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c. 1920'S-1930's(after 1916)

  68, Willow Walk, BERMONDSEY,
                                  LONDON, S.E.1.'

SIGNED ON THE BULB: With an 'E' and the numbers '220' and '82' inside a triangle


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This apparatus is designed to hold a microscope slide at a specific incubating temperature suitable for various uses including the Widal Reaction to test for Typhoid Fever. It uses an incandescent light bulb as a resistor and voltage regulator. The apparatus consists of a rectangular incubating chamber, powered by electric current. A small knob on the chamber is used to adjust the temperature. A special thermometer fits through a hole in the incubator to monitor the temperature. A transparent piece of mica with a hole in the center to admit the microscope objective sits on top of the incubator chamber. There would originally have been a rubber washer, now lacking, to fit around the objective to be lowered onto the mica plate to provide a seal for the system. The bulb has an insignia of an 'E' inside a triangle with the numbers '220' and '82'. The latter two are likely the voltage (English Standard) and the candlepower. The 'E' likely stands for 'Ediswan,' the British company formed by the merger of Edison and Swan in 1883. The filament is thin with gentle curves. The apparatus comes in a faux-alligator skin-covered wooden box. The apparatus came with detailed instructions.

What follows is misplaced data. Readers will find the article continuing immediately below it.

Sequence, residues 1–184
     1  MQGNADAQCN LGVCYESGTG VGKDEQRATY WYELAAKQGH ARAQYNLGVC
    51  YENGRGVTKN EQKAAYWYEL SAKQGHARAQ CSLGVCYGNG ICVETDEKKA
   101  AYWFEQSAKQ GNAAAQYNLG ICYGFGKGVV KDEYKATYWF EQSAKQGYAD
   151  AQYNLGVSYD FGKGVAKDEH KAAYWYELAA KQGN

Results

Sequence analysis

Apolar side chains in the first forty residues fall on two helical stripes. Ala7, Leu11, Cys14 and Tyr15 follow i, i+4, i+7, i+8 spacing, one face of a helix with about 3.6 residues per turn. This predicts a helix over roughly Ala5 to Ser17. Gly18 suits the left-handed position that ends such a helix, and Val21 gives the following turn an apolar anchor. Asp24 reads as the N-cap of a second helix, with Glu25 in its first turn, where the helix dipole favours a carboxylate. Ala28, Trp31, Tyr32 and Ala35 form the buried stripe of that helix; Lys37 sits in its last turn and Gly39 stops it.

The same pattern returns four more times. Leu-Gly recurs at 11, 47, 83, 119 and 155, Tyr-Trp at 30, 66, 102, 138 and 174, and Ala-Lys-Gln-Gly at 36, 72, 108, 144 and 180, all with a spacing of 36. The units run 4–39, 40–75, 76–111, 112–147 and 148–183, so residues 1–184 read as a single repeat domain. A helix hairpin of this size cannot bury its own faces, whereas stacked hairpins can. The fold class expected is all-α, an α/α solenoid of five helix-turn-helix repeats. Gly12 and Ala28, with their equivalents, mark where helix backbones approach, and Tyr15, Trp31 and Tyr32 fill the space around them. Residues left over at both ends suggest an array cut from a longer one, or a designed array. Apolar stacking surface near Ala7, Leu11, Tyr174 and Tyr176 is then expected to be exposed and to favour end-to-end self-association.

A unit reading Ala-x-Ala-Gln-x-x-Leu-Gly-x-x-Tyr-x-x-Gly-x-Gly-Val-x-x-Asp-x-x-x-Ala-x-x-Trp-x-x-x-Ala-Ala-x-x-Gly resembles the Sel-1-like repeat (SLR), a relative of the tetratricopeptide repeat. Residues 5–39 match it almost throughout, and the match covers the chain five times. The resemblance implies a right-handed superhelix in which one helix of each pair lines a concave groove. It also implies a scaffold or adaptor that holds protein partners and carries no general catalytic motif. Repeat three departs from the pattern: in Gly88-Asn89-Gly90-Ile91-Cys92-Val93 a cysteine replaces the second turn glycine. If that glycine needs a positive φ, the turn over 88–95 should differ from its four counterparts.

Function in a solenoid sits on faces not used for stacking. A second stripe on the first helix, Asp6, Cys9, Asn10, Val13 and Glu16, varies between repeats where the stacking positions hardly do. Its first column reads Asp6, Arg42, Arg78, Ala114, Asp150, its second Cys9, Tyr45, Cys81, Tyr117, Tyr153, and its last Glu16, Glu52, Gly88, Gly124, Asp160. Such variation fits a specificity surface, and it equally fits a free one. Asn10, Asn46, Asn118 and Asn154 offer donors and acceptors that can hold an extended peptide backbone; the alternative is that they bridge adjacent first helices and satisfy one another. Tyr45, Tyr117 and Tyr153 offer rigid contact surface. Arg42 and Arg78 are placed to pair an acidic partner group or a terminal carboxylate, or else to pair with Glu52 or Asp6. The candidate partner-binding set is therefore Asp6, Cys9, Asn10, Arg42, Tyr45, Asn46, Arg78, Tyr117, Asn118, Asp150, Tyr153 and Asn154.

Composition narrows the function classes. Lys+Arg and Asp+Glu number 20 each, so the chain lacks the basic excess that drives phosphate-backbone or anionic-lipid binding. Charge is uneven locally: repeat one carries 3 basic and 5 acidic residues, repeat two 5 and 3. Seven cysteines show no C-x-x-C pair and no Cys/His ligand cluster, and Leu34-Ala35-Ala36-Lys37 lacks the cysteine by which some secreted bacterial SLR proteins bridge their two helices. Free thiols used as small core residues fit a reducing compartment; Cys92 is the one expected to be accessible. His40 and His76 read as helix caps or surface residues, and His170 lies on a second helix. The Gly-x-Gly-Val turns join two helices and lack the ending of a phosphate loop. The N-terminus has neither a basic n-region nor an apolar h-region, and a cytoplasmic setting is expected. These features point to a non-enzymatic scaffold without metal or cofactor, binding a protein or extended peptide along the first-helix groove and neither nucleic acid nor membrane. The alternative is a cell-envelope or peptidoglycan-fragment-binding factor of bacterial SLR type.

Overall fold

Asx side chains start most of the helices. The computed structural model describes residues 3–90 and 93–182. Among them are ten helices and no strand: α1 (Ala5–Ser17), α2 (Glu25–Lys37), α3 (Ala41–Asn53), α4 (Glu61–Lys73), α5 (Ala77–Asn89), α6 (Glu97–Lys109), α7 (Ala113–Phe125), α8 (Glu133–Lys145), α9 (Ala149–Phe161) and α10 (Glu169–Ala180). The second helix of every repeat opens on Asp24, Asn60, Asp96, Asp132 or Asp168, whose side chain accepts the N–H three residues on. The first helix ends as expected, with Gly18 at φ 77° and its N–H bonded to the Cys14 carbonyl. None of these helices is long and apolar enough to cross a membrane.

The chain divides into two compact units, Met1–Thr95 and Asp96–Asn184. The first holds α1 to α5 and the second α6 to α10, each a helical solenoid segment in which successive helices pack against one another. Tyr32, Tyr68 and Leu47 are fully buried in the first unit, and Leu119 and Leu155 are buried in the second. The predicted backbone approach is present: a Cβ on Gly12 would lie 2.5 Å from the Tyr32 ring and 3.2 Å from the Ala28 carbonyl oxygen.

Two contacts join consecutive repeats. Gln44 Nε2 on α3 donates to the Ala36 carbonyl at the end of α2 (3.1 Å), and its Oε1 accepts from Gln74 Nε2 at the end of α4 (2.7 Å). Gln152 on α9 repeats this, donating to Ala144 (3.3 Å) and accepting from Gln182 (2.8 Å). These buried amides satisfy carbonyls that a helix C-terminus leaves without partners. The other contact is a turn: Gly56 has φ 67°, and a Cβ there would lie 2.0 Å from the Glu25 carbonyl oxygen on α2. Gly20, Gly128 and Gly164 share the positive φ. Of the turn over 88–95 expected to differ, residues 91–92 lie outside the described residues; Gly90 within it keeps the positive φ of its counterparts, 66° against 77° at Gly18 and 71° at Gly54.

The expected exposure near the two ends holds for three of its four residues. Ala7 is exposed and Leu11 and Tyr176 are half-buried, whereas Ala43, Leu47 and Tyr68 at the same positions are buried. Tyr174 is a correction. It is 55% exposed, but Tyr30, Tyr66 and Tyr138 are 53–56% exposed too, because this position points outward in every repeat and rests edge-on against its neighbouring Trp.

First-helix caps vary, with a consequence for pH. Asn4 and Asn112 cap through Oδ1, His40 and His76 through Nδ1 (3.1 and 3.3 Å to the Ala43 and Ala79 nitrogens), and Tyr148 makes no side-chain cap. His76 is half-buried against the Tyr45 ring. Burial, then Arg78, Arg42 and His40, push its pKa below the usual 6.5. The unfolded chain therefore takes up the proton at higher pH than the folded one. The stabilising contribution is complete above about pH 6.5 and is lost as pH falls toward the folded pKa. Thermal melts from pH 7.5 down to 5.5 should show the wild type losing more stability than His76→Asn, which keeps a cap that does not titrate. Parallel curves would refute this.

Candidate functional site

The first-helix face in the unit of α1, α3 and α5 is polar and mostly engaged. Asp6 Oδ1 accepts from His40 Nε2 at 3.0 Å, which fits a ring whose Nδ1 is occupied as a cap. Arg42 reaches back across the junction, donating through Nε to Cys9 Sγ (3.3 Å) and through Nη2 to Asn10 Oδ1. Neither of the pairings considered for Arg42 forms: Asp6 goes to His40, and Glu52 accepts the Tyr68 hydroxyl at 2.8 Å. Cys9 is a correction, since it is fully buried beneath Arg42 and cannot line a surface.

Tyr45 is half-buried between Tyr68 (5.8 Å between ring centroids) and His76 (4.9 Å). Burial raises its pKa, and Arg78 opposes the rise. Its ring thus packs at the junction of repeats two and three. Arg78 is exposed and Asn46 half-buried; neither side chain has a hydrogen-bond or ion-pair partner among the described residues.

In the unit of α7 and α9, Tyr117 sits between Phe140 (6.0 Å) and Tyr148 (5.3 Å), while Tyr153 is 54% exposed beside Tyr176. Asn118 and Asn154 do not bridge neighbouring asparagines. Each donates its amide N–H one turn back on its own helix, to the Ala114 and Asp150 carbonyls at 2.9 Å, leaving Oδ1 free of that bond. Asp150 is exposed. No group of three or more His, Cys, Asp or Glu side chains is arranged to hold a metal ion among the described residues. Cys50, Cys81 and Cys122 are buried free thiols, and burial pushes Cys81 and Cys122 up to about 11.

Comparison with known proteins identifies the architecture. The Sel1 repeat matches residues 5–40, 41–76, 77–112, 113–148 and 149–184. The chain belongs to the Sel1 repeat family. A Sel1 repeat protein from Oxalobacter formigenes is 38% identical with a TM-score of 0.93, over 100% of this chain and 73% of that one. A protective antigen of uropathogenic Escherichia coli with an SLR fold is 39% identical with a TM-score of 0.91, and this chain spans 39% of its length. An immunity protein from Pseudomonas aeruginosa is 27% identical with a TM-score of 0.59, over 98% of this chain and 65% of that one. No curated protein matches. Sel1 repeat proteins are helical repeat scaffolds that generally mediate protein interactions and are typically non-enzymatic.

The Heated Stage:
The need to examine heated or warmed slides became important as the need to study living organisms at a higher than room temperature became important. But a much earlier use would be in chemistry, where the melting point of certain chemicals could be observed more closely under the microscope, sometimes with spectacular effects when seen under polarized light. In fact, recreational melting of chemicals was a form of entertainment under the microscope before serious research or clinical testing made use of it.
In 1896 Widal of France described the agglutination test1 named after him that was used to aid in the diagnosis of Typhoid Fever. This test is performed by adding the patient's serum to a standardized sample of typhoid antigens (an actual liquid broth culture of Typhoid bacteria was originally used) and observing for agglutination (clumping) under the microscope, as well as loss of motility of the bacteria2. Since the broth is incubated at body temperature, and the bacteria are motile, it was suggested a warmed slide be used to both maintain the temperature and prevent condensation of the warmed solution on a cool slide from interfering with illumination. In the early part of the 19th century, this test was performed using a hanging drop preparation and a depression slide2. The degree of positivity is determined by using serial dilutions of the patient's serum to determine the highest titer at which the test remains positive. Part of the standardization of the test requires a stable temperature, something this apparatus was designed to do. Other uses might include observing microscopic growth at standardized temperature.

reichert warm stageLeitz Hot stageHearson's warm incubator stage was not the only model available. Reichert produced one(left) which depended on circulating heated water, and Leitz also made one controlled by electricity(right). The Leitz model could reach much higher temperatures, but was much more expensive. The accuracy of the temperature of Reichert's model would depend on the accurate control of the temperature of the water flowing through it, thus requiring additional monitoring, but had the advantage of a built-in condenser lens.